Lorenzago di Cadore (Belluno)
Dear Brothers and Sisters,
In these days of rest which thanks to God I am spending here in Cadore, I feel even more acutely the sorrowful impact of the news I am receiving about the bloodshed from conflicts and the episodes of violence happening in so many parts of the world. This prompts me to reflect once again today on the drama of human freedom in the world.
The beauty of nature reminds us that we have been appointed by God to "tend and care for" this "garden" which is the earth (cf. Gn 2: 8-17), and I see that you truly tend and take care of this beautiful garden of God, a true paradise. So, when people live in peace with God and one another, the earth truly resembles a "paradise".
Unfortunately, sin ruins ever anew this divine project, causing division and introducing death into the world. Thus, humanity succumbs to the temptations of the Evil One and wages war against itself. Patches of "hell" are consequently also created in this marvellous "garden" which is the world. In the midst of this beauty, we must never forget the situations in which our brothers and sisters at times find themselves.
War, with its aftermath of bereavement and destruction, has always been deemed a disaster in opposition to the plan of God, who created all things for existence and particularly wants to make the human race one family.
I cannot avoid here calling to mind a significant date: 1 August 1917 - exactly 90 years ago - on which my venerable Predecessor, Pope Benedict XV, addressed his famous Note to the Heads of Belligerent Peoples, calling for an end to the First World War (cf. AAS 9 , 417-420). While that inhuman conflict was raging, the Pope had the courage to call it a "senseless slaughter". His words are engraved in history. They were justified in the actual situation of that summer of 1917, especially on this Venetian front.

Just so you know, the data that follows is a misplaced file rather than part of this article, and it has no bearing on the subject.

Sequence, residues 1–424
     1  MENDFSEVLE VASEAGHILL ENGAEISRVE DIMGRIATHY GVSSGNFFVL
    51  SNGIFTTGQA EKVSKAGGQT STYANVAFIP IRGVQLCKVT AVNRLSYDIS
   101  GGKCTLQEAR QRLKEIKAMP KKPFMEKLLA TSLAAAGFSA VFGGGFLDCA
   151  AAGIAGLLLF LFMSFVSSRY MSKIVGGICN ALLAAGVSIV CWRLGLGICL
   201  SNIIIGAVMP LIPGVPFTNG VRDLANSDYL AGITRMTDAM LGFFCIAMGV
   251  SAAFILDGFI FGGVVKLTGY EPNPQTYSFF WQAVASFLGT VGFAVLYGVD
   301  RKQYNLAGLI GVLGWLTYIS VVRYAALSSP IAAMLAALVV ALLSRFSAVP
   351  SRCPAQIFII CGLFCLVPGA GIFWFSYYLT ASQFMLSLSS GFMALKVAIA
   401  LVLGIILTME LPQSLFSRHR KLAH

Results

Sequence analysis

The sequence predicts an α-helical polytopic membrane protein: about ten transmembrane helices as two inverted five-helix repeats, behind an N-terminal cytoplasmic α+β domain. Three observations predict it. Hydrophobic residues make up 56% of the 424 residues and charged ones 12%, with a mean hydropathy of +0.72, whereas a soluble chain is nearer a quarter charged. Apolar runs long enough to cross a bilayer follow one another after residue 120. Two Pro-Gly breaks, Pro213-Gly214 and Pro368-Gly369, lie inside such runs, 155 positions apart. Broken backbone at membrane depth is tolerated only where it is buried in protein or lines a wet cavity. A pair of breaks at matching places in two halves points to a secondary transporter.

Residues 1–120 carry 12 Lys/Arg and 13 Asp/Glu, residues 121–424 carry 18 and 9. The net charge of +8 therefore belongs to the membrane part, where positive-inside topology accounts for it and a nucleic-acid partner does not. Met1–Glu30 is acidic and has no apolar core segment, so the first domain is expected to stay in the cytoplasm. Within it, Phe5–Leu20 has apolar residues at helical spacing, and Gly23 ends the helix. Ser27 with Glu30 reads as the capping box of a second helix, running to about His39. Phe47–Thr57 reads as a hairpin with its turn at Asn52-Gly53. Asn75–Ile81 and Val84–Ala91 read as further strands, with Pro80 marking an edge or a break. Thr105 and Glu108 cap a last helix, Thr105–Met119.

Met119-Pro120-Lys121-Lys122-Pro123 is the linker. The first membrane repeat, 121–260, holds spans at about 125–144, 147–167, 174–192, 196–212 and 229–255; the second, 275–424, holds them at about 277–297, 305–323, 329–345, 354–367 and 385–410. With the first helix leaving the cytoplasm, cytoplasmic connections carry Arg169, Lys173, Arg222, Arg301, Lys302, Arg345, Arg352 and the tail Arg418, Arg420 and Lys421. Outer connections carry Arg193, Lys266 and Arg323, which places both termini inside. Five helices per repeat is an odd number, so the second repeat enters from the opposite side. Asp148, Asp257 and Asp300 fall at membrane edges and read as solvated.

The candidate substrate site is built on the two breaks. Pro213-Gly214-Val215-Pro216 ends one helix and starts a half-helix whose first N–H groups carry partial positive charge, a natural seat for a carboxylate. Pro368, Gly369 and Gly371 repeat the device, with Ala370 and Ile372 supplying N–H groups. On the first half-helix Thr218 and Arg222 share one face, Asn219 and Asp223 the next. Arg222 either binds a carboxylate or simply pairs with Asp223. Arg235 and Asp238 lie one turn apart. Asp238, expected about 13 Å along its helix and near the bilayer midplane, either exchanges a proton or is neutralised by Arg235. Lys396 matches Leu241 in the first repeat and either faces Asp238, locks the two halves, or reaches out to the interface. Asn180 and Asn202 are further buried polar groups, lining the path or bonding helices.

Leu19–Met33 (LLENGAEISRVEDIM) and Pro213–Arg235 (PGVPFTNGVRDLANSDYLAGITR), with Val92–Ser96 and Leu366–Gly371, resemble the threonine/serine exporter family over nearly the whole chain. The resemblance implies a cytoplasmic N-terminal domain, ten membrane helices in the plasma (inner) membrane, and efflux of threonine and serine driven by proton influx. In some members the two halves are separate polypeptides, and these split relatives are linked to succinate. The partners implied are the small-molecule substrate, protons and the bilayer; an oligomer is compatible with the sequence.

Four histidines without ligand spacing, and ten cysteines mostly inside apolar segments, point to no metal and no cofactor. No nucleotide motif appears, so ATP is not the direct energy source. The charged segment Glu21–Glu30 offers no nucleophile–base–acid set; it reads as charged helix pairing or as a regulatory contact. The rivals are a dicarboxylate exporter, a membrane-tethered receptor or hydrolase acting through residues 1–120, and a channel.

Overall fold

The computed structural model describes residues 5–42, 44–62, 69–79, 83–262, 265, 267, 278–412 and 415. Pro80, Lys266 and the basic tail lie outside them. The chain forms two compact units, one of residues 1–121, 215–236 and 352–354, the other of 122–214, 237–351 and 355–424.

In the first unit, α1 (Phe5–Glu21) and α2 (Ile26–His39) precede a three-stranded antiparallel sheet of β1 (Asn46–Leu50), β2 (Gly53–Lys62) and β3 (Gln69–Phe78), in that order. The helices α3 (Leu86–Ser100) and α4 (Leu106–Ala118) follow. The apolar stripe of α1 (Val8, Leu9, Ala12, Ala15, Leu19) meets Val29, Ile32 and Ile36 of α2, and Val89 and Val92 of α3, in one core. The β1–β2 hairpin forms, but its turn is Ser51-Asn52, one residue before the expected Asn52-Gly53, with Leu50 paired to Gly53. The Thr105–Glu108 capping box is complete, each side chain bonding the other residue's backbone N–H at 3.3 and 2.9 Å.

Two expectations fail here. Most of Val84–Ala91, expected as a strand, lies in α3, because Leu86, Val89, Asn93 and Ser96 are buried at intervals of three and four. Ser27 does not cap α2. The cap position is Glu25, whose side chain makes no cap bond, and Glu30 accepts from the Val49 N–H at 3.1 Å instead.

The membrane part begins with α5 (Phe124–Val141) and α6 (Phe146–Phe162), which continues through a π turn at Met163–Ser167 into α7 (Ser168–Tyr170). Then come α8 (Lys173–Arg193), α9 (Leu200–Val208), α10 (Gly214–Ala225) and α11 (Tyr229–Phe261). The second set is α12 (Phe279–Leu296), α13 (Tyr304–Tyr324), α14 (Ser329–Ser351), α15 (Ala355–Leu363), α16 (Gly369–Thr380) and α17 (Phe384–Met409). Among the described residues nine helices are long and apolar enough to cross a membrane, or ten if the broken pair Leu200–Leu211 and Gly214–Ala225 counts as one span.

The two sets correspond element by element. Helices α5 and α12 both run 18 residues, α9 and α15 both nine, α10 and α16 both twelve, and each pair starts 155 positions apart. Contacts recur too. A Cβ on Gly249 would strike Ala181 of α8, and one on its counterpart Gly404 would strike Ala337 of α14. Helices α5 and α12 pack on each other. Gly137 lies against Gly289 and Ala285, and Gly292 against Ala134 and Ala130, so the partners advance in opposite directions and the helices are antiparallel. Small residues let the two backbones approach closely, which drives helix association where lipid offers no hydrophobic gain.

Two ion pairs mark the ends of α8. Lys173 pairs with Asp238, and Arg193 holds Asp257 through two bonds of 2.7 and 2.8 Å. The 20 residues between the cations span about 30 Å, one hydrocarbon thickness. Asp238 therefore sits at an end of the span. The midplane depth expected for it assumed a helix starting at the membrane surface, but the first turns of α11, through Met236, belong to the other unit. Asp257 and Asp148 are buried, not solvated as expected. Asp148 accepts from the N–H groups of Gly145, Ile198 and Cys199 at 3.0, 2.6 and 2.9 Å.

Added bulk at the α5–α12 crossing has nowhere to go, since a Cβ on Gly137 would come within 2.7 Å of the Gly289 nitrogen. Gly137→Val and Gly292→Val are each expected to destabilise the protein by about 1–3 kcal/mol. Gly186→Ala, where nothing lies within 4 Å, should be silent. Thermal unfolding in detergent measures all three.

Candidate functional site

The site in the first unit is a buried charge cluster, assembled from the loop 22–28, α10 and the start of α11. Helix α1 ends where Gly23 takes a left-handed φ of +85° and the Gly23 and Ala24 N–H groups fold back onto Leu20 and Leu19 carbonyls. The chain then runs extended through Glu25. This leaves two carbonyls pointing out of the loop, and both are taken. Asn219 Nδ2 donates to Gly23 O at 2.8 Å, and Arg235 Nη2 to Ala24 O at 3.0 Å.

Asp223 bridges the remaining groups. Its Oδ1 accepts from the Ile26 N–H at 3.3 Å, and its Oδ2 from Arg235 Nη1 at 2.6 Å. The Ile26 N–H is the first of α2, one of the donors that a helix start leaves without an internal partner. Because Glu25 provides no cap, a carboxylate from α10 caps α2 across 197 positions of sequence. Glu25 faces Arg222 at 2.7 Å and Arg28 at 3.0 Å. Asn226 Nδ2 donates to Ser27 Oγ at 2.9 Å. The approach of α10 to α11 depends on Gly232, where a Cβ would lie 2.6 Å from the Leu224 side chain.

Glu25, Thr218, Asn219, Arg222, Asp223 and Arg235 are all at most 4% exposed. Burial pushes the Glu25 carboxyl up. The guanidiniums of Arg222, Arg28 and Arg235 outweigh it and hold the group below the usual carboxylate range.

But these words, "senseless slaughter", also contain a broader, more prophetic value and can be applied to many other conflicts that have struck down countless human lives. These very regions where we are, which themselves speak of peace, harmony and the Creator's goodness, were the theatre of the First World War, as so many testimonies and several moving Alpine songs still recall. These events must not be forgotten! We must remember the negative experiences our forebears unfortunately suffered in order not to repeat them.
Pope Benedict XV's Note was not limited to condemning the war; it also pointed out in a juridical perspective ways to build a just and lasting peace: the moral force of law, balanced and controlled disarmament, arbitration in disputes, the freedom of the seas, reciprocal amnesty for the costs of war, the restitution of occupied territories and fair negotiations to settle problems.
The Holy See's proposal was oriented to the future of Europe and the world. It complied with a project that was Christian in inspiration but could be shared by all since it was based on the rights of peoples. This was the same structure to which the Servants of God Paul VI and John Paul II adhered in their memorable Discourses to the United Nations Assembly, repeating on the Church's behalf: "War never again!".
From this place of peace, where one is even more vividly aware of how unacceptable the horrors of "senseless slaughters" are, I renew my appeal to adhere tenaciously to the path of law, to consistently ban the arms race and, more generally, to reject the temptation to tackle new situations with old systems.
With these thoughts and hopes in my heart that this may always be, as it is now thanks be to God, a place of peace and hospitality, let us now raise a special prayer for peace in the world, entrusting it to Mary Most Holy, Queen of Peace. I wish you all a good Sunday and good vacation. Thank you for everything!
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